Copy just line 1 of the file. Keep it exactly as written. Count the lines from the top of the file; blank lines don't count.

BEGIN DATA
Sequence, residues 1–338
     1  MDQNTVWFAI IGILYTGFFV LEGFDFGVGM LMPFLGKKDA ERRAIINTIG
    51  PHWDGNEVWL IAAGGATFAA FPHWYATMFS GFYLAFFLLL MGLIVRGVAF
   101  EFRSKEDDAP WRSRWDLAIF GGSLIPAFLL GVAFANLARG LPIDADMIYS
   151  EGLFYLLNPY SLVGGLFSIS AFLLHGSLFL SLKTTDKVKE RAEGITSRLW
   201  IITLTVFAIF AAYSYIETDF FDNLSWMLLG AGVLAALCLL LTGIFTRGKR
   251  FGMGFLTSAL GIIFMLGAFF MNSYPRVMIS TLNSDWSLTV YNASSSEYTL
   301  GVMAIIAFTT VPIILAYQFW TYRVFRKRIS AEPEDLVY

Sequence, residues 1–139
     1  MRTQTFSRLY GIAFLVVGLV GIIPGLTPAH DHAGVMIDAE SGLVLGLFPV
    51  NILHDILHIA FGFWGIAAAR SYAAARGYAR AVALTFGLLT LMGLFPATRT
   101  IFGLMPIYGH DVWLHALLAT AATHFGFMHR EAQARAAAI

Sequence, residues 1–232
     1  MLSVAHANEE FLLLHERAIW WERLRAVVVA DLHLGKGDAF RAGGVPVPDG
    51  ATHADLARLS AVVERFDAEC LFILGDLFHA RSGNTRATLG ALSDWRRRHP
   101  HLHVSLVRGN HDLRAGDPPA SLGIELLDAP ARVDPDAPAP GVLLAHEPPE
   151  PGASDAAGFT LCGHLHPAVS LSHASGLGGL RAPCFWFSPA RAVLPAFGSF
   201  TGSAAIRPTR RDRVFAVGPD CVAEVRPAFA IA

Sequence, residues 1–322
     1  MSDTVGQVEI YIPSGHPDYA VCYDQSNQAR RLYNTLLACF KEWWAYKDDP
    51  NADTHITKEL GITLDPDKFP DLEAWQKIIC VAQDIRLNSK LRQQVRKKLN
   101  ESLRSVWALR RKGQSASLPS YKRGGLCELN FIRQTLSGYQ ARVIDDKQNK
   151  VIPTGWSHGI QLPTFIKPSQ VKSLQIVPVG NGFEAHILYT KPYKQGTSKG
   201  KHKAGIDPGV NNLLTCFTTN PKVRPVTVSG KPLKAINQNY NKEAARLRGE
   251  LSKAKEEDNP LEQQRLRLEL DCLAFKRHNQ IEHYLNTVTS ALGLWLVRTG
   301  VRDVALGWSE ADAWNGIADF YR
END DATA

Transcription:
Sequence, residues 1–338